In Depth

Instant Opinion: Boris Johnson ‘mired in mixed messages’ over Christmas lockdown

Your guide to the best columns and commentary on Tuesday 17 November

The Week’s daily round-up highlights the five best opinion pieces from across the British and international media, with excerpts from each.

1. Patrick O’Flynn in The Daily Telegraph

on the coronavirus festive season

Mired in mixed messages, the public needs to know if there's a plan for Christmas - and fast

“While the Prime Minister could not have expected to be isolating again in Downing Street after coming into contact with a Covid carrier, he could and should have been expecting the onset of severe pressure to talk the country through what winter is going to look like, social distancing-wise. Yes, he may have told us that the current England-wide lockdown will automatically expire on December 2 and that he ‘aims’ thereafter to take us back to the prior tiered approach. But that begs many more questions than it answers.”

2. Yannick Giovanni Marshall on Al Jazeera

on rejecting reconciliation

After this election, we should not come together

“Millions of us waited on election results to see if we had, in fact, yet again, eked out a survival, jumping from the fire back into the frying pan. And now that it is over, now that Joe Biden has won, we are asked to unify with the shouting men and women still holding signs that the movement for our right to life is a communist conspiracy. Pundits continue to peddle the same false equivalency: there is fear on both sides. But our fears, like everything else, are unequal. Racists do not fear being dragged off in cattle cars. They do not fear having their wombs stolen or being snatched off a street in broad daylight for saying their lives matter. They fear that the three strokes in the ‘E’ on Biden campaign posters represent communism, or whatever the latest QAnon YouTube influencer suggests that they fear.”

3. Charlie Cooper and Emilio Casalicchio on Politico

on Vote Leave vacating No 10

Has Dominic Cummings’ exit made a Brexit deal more likely?

“The prime minister, too, is said by officials to be more resolute on Brexit than even Cummings or his ally Lee Cain, the Downing Street director of communications who also headed for the exit last week. ‘Their departure will not make any difference,’ one U.K. official said. ‘The PM is the strongest voice in the room on Brexit and we will only get there if we can agree a deal which respects our sovereignty.’ But there’s almost certainly an element of spin here: No. 10 will want to nip in the bud any narrative that suggests Johnson went soft on Brexit when Cummings left. Nigel Farage is already circling, ready to prey on the diehard Brexiteer votes that this could cost the Conservative party. And while Farage may seem like a sideshow in British politics, last year’s Brexit Party surge in the European elections is a reminder of how quickly he can generate a groundswell of support among the chunk of the electorate for whom Brexit is a matter of faith.”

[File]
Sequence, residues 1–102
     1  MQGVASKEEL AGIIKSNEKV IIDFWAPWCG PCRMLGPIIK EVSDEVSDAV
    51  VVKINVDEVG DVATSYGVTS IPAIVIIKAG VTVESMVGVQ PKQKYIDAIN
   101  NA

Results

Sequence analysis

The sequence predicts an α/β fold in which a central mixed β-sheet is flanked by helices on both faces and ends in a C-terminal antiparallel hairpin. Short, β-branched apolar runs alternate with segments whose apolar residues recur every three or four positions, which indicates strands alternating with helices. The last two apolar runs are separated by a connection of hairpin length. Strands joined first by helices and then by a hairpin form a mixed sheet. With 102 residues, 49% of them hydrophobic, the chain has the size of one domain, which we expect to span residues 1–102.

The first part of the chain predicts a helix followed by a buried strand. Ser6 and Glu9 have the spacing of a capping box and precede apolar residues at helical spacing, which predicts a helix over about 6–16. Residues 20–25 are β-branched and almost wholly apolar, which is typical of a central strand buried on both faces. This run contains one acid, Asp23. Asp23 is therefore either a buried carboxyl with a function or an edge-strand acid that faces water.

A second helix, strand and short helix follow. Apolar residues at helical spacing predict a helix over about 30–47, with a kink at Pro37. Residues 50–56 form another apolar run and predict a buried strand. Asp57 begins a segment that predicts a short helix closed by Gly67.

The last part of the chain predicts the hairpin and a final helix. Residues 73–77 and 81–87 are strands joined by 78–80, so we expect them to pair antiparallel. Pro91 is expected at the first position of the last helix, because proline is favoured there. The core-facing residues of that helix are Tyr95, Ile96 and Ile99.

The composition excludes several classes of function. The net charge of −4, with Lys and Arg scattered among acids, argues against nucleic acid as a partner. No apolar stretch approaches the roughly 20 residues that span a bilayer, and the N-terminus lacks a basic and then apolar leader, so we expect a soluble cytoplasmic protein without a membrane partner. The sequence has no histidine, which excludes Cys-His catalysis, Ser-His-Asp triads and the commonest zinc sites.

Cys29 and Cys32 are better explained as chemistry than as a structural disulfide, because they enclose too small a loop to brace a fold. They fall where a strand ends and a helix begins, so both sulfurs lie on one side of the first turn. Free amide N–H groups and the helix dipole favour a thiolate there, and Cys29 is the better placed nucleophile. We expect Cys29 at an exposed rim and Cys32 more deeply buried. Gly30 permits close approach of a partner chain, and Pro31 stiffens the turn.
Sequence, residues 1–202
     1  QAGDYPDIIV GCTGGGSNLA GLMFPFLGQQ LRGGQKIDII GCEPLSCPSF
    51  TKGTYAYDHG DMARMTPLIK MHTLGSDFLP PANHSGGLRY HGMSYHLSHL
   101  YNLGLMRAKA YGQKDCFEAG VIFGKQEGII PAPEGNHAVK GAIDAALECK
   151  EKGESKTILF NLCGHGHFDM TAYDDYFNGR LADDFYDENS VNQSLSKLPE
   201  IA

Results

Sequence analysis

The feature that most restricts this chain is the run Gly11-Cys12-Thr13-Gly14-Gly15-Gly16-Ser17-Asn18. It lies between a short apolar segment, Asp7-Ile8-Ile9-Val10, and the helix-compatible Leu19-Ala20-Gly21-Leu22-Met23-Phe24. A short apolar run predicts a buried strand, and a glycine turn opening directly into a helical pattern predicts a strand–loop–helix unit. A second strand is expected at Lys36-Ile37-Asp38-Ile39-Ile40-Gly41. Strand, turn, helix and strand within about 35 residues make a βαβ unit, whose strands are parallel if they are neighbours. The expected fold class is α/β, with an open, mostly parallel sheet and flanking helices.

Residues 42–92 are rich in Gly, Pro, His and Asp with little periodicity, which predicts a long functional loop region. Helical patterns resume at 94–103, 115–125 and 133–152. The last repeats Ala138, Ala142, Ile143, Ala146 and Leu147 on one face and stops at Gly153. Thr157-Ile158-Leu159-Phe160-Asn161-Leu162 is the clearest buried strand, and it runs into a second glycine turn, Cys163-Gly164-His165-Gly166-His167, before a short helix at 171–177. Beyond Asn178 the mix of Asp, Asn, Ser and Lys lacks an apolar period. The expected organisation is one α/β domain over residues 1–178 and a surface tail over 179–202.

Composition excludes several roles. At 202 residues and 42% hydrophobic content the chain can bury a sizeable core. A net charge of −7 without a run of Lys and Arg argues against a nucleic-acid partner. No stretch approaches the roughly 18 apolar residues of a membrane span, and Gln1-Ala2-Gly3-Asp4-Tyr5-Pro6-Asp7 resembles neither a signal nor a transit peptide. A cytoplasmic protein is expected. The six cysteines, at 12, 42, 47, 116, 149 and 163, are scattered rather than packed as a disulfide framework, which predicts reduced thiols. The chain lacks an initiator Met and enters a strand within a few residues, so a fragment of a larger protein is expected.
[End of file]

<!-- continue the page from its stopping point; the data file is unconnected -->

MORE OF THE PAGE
4. Ishaan Tharoor in The Washington Post

on a disastrous agenda

Trump’s Iran agenda is about to end in failure

“Just days after President Trump’s inauguration, the battle lines were drawn. At the White House, then-national security adviser Michael T. Flynn said the new administration was ‘officially putting Iran on notice’ for its alleged catalogue of destabilizing activities throughout the Middle East. Flynn’s political scandals would see him soon lose his job and later plead guilty to lying to FBI investigators. But Trump and his allies pressed ahead, launching a campaign of ‘maximum pressure’ that strangled the Iranian economy and upended the nuclear deal forged in 2015 between the regime in Tehran and world powers. With just two months left in his presidency, Trump has little to show for four years of anti-Iran hawkishness.”

5. Adam Lent in The Guardian

on scapegoating local councils

Croydon’s bankruptcy is the result of austerity – and more councils will follow

“The fault here lies not with councils but with a decision taken back in 2010 by the coalition government to heavily load the burden of austerity on to local government and welfare so that education, pensions and the NHS could be relatively protected from cuts. It was a ruthless but politically successful calculation to cushion the areas of the public sector that David Cameron and co knew voters and the media cared most about. It was also a wildly reckless move that was bound to make crucial services unsustainable over the longer term.”

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